In the world of biomolecules such as proteins and the hereditary nucleic acids DNA and RNA, three-dimensional structure determines function. Analysis of the passage of such molecules through nanopores offers a relatively new, but highly promising, technique for obtaining information about their spatial conformations. However, interactions between the test molecules and the proteins used as pores have so far hindered quantitative analysis of the behavior of even simply structured molecules within nanopores. This problem must be solved before the technique can be routinely used for structure determination. In a project carried out under the auspices of the Cluster of Excellence "Nanosystems Initiative Munich" (NIM), researchers led by LMU physicist Professor Ulrich Gerland and Professor Friedrich Simmel (Technical University of Munich) have developed a new method that depends on the analysis of reverse translocation through asymmetric pores, which minimizes the interference caused by interactions with the pore material itself. This approach has enabled the team to construct a theoretical model that allows them to predict the translocation dynamics of nucleic acids that differ in their nucleotide sequences.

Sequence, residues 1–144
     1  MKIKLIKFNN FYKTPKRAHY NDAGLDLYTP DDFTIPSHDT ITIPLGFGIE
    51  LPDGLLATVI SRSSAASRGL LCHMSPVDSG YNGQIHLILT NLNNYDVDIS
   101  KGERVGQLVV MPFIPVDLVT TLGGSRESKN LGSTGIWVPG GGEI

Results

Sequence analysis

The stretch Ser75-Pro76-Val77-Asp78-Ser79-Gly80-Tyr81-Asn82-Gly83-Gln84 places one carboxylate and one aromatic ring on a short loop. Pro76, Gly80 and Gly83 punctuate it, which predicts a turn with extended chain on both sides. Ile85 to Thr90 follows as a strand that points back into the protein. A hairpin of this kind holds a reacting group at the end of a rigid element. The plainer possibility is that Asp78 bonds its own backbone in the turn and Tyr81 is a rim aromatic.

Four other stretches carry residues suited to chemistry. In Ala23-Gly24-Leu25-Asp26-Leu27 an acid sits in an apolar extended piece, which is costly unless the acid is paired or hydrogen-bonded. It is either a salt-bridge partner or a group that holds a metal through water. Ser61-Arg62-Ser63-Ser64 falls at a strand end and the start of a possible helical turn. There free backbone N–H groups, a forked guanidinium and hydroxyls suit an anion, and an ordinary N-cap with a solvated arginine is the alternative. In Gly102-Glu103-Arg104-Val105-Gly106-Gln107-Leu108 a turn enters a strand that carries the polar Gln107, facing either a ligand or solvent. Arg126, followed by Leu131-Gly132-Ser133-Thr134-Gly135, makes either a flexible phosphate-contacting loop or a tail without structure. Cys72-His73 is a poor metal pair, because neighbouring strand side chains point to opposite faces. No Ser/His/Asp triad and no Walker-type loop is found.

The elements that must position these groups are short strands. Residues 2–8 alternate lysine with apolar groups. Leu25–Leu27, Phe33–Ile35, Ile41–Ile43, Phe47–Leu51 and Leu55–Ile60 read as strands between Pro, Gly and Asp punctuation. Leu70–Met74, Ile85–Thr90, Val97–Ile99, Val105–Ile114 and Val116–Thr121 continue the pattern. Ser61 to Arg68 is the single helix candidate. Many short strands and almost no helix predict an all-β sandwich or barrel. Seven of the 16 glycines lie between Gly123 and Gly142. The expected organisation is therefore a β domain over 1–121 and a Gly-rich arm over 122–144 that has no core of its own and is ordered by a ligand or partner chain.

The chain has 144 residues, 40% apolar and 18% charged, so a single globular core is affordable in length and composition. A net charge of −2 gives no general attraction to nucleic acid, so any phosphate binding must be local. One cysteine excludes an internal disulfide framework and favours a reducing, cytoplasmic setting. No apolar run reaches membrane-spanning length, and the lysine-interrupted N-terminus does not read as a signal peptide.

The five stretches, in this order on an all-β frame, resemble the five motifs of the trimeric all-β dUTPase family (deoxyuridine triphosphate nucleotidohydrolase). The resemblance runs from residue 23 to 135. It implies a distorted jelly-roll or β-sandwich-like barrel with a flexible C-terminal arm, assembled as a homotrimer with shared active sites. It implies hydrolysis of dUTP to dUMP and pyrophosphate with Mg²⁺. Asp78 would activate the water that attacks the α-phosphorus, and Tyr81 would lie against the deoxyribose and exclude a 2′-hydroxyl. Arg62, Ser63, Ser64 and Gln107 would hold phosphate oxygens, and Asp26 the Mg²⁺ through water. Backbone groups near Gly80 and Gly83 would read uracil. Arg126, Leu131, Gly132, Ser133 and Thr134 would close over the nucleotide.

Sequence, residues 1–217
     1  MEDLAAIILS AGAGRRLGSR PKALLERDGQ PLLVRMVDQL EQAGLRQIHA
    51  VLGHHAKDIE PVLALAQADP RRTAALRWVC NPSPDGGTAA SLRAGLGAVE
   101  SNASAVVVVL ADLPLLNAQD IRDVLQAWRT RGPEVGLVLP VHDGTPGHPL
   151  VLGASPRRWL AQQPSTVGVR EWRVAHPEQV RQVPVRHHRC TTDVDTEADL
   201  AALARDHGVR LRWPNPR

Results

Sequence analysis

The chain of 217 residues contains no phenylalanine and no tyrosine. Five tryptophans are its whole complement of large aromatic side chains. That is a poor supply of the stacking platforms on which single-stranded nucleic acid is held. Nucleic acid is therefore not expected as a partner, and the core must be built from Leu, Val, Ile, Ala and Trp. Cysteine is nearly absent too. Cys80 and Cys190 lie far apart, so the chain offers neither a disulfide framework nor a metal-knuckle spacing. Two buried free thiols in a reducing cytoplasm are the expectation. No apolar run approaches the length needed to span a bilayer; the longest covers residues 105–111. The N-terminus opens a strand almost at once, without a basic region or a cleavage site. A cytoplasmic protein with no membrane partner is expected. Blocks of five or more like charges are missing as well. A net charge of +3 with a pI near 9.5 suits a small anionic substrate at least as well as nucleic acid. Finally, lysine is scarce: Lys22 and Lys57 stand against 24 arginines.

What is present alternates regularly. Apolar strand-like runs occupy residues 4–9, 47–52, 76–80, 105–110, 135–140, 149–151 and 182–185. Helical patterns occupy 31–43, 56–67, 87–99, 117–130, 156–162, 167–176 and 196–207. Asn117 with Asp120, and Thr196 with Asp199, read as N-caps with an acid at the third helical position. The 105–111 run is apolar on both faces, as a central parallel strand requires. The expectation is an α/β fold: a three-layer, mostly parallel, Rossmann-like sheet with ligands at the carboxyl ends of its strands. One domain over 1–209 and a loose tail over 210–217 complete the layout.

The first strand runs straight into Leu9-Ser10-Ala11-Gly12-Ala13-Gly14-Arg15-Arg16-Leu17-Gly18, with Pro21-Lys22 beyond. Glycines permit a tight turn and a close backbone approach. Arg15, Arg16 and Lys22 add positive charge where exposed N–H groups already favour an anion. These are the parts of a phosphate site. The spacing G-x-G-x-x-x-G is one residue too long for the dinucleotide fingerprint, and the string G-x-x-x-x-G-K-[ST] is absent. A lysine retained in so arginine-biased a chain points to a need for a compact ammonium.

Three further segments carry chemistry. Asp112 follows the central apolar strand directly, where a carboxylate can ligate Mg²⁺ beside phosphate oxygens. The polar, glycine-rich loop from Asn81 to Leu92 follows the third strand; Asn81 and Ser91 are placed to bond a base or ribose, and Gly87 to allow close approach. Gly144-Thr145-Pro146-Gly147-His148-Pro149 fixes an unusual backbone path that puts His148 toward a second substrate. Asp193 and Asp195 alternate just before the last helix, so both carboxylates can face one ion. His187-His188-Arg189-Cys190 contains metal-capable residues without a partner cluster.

The nucleic acids RNA and DNA both belong to the class of molecules known chemically as polynucleotides. Both are made up of strings of four basic types of building blocks called nucleotides, which fall into two complementary pairs. In their single-stranded forms, DNA and RNA can fold into what are called secondary structures, as complementary nucleotides in the sequence pair up, forcing the intervening segments to form loops. If the single-stranded loop is very short, the secondary structure is referred to as a hairpin. As in the case of proteins, the secondary structures of nucleic acids influence their biochemical functions. The elucidation of the secondary structure of nucleic acid sequences is therefore of great interest.
|Contact: Dr. Katrhin Bilgeri|